Lower support for death penalty tracks with falling crime rates, more exonerations
Over the past half-century, public support for the death penalty has generally tracked increases and declines in rates of violent crime.
Chart of the Week: Do firefighters or musicians have richer parents?
How people’s incomes and jobs as adults compare with the households they grew up in.
Chart of the Week: The ever-accelerating rate of technology adoption
The World Wide Web, first conceived of 25 years ago this week, has been adopted by American society in record time.
How U.S. tech-sector jobs have grown, changed in 15 years
How many people work in the U.S. tech sector? A simple question with a complicated answer.
Chart of the Week: Where international migrants are going to and coming from
Interactive map of emigration and immigration worldwide.
Live blog: Generations in the Next America
The Pew Research Center is hosting a conference to discuss how generational differences are influencing American families, society, politics and policy.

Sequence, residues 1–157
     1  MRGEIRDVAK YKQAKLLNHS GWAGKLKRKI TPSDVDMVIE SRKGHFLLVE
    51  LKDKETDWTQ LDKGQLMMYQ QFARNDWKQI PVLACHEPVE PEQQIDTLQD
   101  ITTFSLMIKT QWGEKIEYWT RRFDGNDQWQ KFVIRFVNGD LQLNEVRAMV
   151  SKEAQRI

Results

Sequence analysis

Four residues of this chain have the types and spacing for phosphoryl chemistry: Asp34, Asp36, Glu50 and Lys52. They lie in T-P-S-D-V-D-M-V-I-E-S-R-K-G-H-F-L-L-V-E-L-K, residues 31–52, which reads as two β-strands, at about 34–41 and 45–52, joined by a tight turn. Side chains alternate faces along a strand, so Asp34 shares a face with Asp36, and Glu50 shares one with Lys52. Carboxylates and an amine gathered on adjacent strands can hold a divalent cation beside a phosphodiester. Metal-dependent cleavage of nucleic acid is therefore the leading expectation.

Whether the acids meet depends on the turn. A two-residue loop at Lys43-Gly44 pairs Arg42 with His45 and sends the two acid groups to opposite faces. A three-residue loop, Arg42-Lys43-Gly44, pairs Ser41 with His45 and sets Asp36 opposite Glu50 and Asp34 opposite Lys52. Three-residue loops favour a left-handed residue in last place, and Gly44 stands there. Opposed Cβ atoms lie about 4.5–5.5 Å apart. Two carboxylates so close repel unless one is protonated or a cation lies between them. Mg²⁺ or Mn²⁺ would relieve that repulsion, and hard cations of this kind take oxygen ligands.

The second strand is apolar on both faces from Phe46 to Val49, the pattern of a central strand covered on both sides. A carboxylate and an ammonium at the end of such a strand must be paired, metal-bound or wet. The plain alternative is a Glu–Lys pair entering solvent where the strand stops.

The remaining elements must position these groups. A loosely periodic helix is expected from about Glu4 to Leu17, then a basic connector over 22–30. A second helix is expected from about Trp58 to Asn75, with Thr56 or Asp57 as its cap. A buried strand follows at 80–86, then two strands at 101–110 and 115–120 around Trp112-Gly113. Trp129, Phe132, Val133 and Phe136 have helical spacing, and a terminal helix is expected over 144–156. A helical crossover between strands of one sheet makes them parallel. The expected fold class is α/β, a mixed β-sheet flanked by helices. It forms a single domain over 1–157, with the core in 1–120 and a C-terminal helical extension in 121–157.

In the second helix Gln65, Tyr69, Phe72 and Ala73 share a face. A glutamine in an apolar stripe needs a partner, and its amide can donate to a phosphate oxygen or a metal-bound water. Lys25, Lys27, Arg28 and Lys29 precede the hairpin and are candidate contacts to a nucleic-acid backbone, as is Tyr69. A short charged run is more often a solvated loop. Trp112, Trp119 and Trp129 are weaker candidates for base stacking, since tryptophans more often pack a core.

Public’s anti-incumbent mood hasn’t always predicted big electoral swings
Despite surveys showing anti-incumbent sentiments at or near all-time highs, most members of Congress appear to have little to worry about.
Chart of the Week: The decline of Yiddish, the rise of Tagalog
Spanish continues to be the most commonly spoken non-English language in the U.S., but other languages have risen and fallen in popularity — sometimes dramatically — over the past three decades.
House set to lose six centuries of experience as Dingell, other long-serving members retire
The spate of congressional retirement announcements may seem like a lot but is within historical norms. But the retirement of several long-serving members likely will further reduce overall experience levels in both the House and Senate,
Chart of the Week: How metro areas drive the U.S. economy
A handful of metropolitan areas generate the bulk of U.S. economic activity.